I can’t remember when I first fell in love with books but I know that it was early, and that I fell hard.
I read all through elementary school. I sat at my desk, a book tucked on my lap, and as the rest of the class learned fractions and state abbreviations, I paced my way through the Little House books and “Little Women.” I still can’t divide fractions but if I close my eyes, I can envision the cabin by the woods in one of Laura Ingalls Wilder’s books.
My own houses have always been filled with books. In fact, I have very little furniture but I do have bookshelves. My idea of a perfect living room includes a sofa, a soft rug and bookshelves jammed into every available space.
So of course I resisted buying a Kindle. I wanted little to do with eBooks. I was sure that nothing could compare to the heady feeling of opening a new book (a new book!), burying my head inside and sniffing the scent of the ink. Of the words.
Then my sister bought me a Kindle for Christmas and brought it up when she visited Alaska in February. I opened it, held it in my hands. I thanked her, and then I set it down. I willfully forgot about it. I was scared, you see, scared it might rob me of my love for books
My Kindle lay on the coffee table for almost a month before I picked it back up again. I downloaded a few books and, one night as I staggered to bed so late that it was almost morning, I smuggled my Kindle under the covers, dimmed the screen and read.
I read for over an hour and really, it was like being a kid again and reading with a flashlight beneath the covers. There was that same fugitive feeling of mystery, that same awed sense of wonder as I sank down inside another world.
Since then, I have been reading like crazy, reading two to three books a week. My work schedule is still friggin’-damned-busy and since I write and edit all day at my job I’m not writing/editing my own work to the extent that I’d like. Instead of stressing out about this, I pull up my Kindle and read. I might not be able to write much during this small phase of my work life but I can keep up on my reading, can devour books, can see what works for other authors and what doesn’t, can examine writing styles and plots, character development and voice.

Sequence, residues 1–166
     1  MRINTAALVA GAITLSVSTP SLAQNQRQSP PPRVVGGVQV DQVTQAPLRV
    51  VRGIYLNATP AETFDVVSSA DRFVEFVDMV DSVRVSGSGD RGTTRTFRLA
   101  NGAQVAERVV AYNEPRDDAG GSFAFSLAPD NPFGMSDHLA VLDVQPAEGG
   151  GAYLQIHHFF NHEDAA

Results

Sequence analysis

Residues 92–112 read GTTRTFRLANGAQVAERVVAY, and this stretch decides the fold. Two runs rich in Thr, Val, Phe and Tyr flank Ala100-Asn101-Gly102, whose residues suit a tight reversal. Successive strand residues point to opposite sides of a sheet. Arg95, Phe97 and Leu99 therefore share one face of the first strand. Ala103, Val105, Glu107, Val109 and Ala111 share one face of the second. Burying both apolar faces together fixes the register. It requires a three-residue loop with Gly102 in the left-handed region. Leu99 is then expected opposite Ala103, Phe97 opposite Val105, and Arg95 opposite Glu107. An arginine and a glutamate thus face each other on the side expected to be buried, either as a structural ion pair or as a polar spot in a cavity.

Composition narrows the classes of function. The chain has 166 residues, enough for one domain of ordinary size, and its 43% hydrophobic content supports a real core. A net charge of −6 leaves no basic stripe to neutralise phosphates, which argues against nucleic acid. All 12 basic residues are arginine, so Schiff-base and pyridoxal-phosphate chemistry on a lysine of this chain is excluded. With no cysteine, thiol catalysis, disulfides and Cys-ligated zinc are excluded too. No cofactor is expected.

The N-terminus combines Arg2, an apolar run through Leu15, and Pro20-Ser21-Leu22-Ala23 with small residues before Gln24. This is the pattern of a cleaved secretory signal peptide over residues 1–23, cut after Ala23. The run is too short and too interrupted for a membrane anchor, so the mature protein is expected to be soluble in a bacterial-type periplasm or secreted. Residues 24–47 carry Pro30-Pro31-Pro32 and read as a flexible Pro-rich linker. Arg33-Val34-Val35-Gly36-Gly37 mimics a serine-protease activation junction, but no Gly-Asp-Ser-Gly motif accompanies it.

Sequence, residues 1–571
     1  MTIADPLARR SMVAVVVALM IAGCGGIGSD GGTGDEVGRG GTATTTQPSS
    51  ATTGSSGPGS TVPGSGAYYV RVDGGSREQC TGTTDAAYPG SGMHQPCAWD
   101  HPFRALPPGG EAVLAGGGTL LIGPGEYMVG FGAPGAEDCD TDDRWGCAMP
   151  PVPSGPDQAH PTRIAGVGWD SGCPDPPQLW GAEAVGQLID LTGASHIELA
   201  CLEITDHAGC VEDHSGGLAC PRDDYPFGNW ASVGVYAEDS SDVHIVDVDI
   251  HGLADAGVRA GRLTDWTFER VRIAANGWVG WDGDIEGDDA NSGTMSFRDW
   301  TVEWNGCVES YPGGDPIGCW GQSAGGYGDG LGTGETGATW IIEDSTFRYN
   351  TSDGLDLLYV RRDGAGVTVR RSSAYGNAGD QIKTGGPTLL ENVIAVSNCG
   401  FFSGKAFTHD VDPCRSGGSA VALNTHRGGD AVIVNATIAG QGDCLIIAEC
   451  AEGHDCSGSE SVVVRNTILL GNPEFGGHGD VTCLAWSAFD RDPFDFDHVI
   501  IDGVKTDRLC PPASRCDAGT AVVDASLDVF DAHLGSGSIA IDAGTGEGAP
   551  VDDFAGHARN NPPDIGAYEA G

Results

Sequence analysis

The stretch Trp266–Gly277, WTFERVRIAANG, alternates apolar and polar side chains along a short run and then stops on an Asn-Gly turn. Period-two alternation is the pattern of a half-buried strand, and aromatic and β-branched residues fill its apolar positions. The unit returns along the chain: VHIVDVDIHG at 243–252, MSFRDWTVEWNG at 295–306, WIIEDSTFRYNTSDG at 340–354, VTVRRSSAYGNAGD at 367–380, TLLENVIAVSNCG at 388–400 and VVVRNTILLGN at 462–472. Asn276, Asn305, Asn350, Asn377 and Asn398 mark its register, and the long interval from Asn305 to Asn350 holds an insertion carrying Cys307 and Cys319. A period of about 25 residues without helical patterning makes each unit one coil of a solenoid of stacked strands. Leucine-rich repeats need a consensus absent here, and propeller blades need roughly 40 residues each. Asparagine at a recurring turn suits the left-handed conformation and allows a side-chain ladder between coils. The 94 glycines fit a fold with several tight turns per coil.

What I love the most about reading eBooks, though, is that it’s prompted me out of my comfort zone and over to genres I normally avoid such as sci-fi and fantasy and historical novels. When a book costs 99 cents a pop, it’s hard to resist, even if it doesn’t match my normal tastes.
Books I’ve loved and enjoyed so far:
The Gift, by Rachel Newcomb
Sleep Donation, Karen Russell
Rapunzel, Molly Greene
Confessions of a Shopaholic, Sophie Kinsella
I won’t mention the books that were just so-so or that I didn’t like. Reading preferences are so personal, much like romantic interests: One person’s dislike is someone else’s great love.
Talking about love, from a reader’s point of view a Kindle is a great and beautiful thing. Yet a writer’s perspective is a little bit different. In my next post I’ll list some of the pros and cons of eBooks from an author’s point of view.
A must read: I don’t usually plug other people’s blog posts but this guest post on Nathan Bransford’s blog from Steven Salmon on writing with cerebral palsy deserves a read.
A shameless plug: Bloggy pal Kevin Brennan’s novel Yesterday Road is the Indie Author Land’s 50 Self-Published Books Worth Reading in the literary books category. Follow this link and give him a vote, okay? Yesterday Road is a damned good, and funny, and warm and tender and wonderful read